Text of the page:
GR: Yeah, I want to unpack that a little bit because I do want to explore the difference between kind of age cohort and these formative experiences. But then also perhaps changes in technology which are probably going to be somewhat permanent and so we can get into that. But just for the completely ignorant person, just give me a basic sort of, where does Gen X and Gen Z, where do they start and end roughly, I know there's some debate about this.

DSH: So there's some debate, right. I think Gen Z, they say 1995 to 2012.

GR: For birth date.

DSH: For birth date, right. And millennials 1981 to 1996. And I'm in the Gen X generation but won't give you precisely where I fall in that.

GR: And Gen X is before the millennials.

DSH: Correct.

GR: Just to make it clear. Okay, so you got the boomers, you got the Xers, you got the millennials, you got the Z's. And then I guess now there's Alpha? Is that right?

DSH: (laughter)

GR: But they're not they're not old enough to count yet.

DSH: Right, right.

GR: Okay, all right, so we got this straight. So just if we could as a kind of an introductory. Politically how different are the Xers and the millennials and the Z’s from the baby boomers in terms of political beliefs and political behavior? Just, is it simply that they're more liberal? What are some of the differences?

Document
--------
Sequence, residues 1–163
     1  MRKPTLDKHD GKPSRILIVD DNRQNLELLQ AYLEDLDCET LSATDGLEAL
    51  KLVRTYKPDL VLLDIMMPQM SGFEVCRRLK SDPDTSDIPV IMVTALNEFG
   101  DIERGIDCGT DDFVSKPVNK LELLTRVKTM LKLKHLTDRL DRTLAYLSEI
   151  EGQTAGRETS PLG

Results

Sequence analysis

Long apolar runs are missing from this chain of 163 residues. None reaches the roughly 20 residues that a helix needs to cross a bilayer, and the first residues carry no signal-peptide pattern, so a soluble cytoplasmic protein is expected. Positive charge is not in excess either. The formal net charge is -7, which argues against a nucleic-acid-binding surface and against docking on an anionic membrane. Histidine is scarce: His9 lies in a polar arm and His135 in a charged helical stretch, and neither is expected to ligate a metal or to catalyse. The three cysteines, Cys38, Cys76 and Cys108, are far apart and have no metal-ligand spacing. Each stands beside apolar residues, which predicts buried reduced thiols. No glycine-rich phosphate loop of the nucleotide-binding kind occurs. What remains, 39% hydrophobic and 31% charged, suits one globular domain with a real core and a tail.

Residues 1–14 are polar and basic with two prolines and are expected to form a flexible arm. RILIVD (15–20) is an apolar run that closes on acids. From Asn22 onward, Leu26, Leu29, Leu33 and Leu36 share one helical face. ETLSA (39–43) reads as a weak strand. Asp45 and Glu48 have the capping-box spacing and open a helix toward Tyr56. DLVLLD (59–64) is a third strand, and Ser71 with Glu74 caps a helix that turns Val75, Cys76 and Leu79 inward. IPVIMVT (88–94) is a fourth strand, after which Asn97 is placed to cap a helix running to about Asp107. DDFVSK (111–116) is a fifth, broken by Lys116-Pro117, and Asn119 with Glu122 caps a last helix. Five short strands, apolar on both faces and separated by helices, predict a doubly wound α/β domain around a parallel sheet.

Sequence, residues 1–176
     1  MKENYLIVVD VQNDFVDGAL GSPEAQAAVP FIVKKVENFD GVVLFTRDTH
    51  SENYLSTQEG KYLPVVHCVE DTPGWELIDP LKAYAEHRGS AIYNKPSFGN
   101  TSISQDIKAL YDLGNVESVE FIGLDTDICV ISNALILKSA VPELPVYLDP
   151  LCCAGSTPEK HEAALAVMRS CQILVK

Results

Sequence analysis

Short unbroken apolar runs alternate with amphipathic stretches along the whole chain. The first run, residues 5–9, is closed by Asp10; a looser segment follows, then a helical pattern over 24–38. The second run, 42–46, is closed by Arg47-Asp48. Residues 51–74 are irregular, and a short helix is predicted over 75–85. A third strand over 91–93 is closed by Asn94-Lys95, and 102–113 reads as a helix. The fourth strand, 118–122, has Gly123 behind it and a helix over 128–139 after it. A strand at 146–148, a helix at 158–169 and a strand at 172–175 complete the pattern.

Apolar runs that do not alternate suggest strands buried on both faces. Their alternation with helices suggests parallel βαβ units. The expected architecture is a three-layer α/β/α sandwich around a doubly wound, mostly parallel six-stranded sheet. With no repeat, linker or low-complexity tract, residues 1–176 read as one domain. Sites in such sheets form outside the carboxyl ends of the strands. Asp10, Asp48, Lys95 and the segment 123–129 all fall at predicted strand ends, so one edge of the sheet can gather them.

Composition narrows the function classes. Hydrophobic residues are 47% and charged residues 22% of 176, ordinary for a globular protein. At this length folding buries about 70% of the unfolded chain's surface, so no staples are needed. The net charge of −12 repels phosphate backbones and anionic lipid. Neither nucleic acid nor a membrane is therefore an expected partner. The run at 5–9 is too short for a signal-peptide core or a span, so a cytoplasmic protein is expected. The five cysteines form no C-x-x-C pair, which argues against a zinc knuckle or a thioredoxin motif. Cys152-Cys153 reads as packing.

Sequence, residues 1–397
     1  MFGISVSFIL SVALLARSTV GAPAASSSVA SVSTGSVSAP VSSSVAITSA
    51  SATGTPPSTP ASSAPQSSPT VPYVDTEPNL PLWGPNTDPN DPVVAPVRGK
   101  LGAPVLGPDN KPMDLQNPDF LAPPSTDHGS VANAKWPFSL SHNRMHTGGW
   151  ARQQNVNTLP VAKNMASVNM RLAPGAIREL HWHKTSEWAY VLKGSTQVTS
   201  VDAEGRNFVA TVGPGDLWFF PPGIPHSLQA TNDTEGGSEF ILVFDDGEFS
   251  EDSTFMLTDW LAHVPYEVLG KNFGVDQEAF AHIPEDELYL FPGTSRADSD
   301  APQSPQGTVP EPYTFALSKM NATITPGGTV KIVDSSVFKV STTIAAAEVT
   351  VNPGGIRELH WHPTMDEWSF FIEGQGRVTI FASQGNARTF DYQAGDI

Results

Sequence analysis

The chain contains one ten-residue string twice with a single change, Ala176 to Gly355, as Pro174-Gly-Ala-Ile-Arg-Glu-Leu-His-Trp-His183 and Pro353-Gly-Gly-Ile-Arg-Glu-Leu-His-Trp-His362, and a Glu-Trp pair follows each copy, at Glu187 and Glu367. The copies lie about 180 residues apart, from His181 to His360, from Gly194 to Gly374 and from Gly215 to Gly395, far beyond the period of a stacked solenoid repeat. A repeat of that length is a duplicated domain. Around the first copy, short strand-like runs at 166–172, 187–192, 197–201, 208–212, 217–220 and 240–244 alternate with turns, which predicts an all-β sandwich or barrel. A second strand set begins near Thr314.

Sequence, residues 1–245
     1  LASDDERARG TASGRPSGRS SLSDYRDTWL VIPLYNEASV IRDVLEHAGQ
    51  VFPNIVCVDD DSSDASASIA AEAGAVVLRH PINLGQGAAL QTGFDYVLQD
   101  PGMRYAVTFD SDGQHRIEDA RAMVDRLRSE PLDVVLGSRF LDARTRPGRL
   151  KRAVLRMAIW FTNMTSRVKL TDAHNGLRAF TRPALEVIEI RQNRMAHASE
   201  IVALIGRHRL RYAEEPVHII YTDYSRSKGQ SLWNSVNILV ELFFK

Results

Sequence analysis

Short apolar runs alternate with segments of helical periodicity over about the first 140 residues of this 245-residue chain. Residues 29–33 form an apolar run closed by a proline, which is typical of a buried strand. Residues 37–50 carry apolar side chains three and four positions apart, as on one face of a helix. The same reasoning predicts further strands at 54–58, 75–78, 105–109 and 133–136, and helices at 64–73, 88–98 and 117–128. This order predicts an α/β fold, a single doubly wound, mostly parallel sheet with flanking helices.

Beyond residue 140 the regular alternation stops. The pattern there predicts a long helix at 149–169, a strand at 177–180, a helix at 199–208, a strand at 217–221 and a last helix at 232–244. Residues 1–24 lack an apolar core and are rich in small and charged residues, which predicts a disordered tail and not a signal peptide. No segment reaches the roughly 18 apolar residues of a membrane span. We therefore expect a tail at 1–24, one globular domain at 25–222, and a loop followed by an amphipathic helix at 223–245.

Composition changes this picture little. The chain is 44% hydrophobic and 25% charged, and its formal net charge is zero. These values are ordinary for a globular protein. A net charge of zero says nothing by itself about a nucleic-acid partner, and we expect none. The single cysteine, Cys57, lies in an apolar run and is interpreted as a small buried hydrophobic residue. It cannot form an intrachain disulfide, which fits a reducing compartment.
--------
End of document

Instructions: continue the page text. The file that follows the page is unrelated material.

DSH: Well, let me talk about the thing that I have been most focused on, and that is their level of participation in elections. And so what we see is that the baby boomers are participating at significantly higher rates than younger generations. But in particular, those Gen Zers are have a really lagging level of participation. Now, in terms of preferences, I want to be very careful in overgeneralizing, because, you know, one of the take home messages from the work that I've been doing on young voters is to say, one of the biggest mistakes that political elites right now are making in trying to either promote or suppress turnout among young voters, is making the assumptions that they will forever and always be liberal. And that young voters are, yes, on average, they are more liberal, particularly on a set of social issues. They tend to be more concerned about the environment and women's issues and there's a set of items. And we can go through each generation and talk about the averages in terms of preferences. And I think that overlooks incredible variation in what the actual preferences are, it is a real mistake. We have the saying in political science that demography is not destiny. And that is absolutely the case for young voters as well. You know, if we were to increase turnout among young voters in Alabama, it's going to strengthen the power of Republicans in that state. So we just want to be very careful that in talking about the preferences of these different generations, that we not overlook the significant variation within each group.